“What we have done for ourselves alone dies with us; what we have done for others and the world remains and is immortal.” ALBERT PIKE
JACK RENNIE AND ALEX P. VIDAL IN SURABAYA, INDONESIA 1996
By Alex P. Vidal
The man who gave me a break to officiate as judge and referee in world boxing championship fights died on March 14, 2013. It’s the first death anniversary of Jack Rennie, who passed away in a Melbourne nursing home at 82.
I officiated world title fights under Rennie’s supervision when he was supervisor for Asia Pacific Rim and later vice president of the World Boxing Federation (WBF) mostly in the 90s.
Although he was known to a lot of boxing personalities and impresarios in the Philippines, I can say without hesitation that I was one of Rennie’s most favorite Filipino ring officials even if I was not one of the best in my country.
“He may not be one of the best but he is someone who I can trust most,” Rennie told then American WBF president Ron Scalf, who joined Rennie at ringside when I officiated the 12-round world super-bantamweight championship fight between Thailand’s Samson Elite Gym or Dutchboygym versus Mexico’s Genaro “Poblanito” Garcia in Chonburi on February 17, 1996.
I can’t forget Rennie’s words to Scalf until today. He was saying many good things about me to Scalf, other promoters and fellow ring officials. After dinner, he and Scalf summoned me inside their hotel room while we were in Bangkok prior to the Dutchboygym vs. Garcia fisticuffs.
“Alex, can you list down all the names of referees in your country and rank them according to their ability and experience? Please don’t forget to include your name,” sighed Rennie.
I listed 14 names. I placed Carlos “Sonny” Padilla, Jr., father of actress Zsa Zsa, at No. 1 and my friend Bruce McTavish, at No. 2. I listed my name at No. 14. Rennie showed the list to Scalf. They looked at each other without saying any word and asked me to go back to my room.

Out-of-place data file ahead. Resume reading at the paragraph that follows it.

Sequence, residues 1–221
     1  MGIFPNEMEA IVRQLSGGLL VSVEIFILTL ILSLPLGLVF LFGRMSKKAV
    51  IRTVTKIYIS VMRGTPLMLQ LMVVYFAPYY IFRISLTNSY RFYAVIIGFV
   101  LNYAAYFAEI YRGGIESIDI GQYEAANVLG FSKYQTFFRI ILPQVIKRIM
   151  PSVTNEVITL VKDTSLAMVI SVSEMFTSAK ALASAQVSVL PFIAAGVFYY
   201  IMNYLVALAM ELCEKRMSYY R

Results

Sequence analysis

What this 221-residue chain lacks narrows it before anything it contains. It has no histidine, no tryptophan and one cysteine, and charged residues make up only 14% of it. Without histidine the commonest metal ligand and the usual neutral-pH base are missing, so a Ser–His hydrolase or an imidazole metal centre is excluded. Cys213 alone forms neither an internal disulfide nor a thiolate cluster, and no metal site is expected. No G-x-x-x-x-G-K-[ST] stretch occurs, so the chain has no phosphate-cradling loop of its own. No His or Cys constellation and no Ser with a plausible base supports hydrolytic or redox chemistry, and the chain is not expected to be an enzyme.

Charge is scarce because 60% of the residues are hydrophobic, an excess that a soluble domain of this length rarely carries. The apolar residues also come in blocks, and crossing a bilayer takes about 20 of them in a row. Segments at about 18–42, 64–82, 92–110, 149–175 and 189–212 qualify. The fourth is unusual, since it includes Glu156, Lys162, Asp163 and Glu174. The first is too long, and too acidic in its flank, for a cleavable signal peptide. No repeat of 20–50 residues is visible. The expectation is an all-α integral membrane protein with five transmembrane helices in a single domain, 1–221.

The following morning while on our way to Chonburi, Scalf gave me a WBF wrist watch. “Alex, not all WBF referees can have this watch,” Scalf whispered. “Take this as a souvenir.” More assignments abroad followed suit.
In 2004 when Rennie retired, newly-installed president Mick Croucher arrived in Manila to hand over my appointment papers as Philippine supervisor. Croucher said I was endorsed by Rennie. Also present in a meeting at the Manila Pavilion Hotel on August 1, 2004 were Chinese promoter Cao Kun, Australia/China advisor Yuickor Yick, and Filipino promoter Gabriel (Bebot) Elorde, Jr.
Croucher, 66, said he was now “100 percent owner” of the WBF which was duly registered at the Consumer Affairs in Victoria, Australia with business number B1722046D pursuant to Business Name Act 1962 on November 7, 2003.
It was Croucher who informed me of Rennie’s death last year. Australian National Boxing Federation (ANBF) president John McDougall, 82, said Rennie “was known throughout the boxing world as a man whose word was his bond.”
McDougall said, “Jack trained the great Lionel Rose to the world bantamweight title and had Lionel defend against high ranked opposition so different to many of the titleholders today. He secured a world title fight for Lionel for the junior lightweight world title and was like a second father to Lionel.”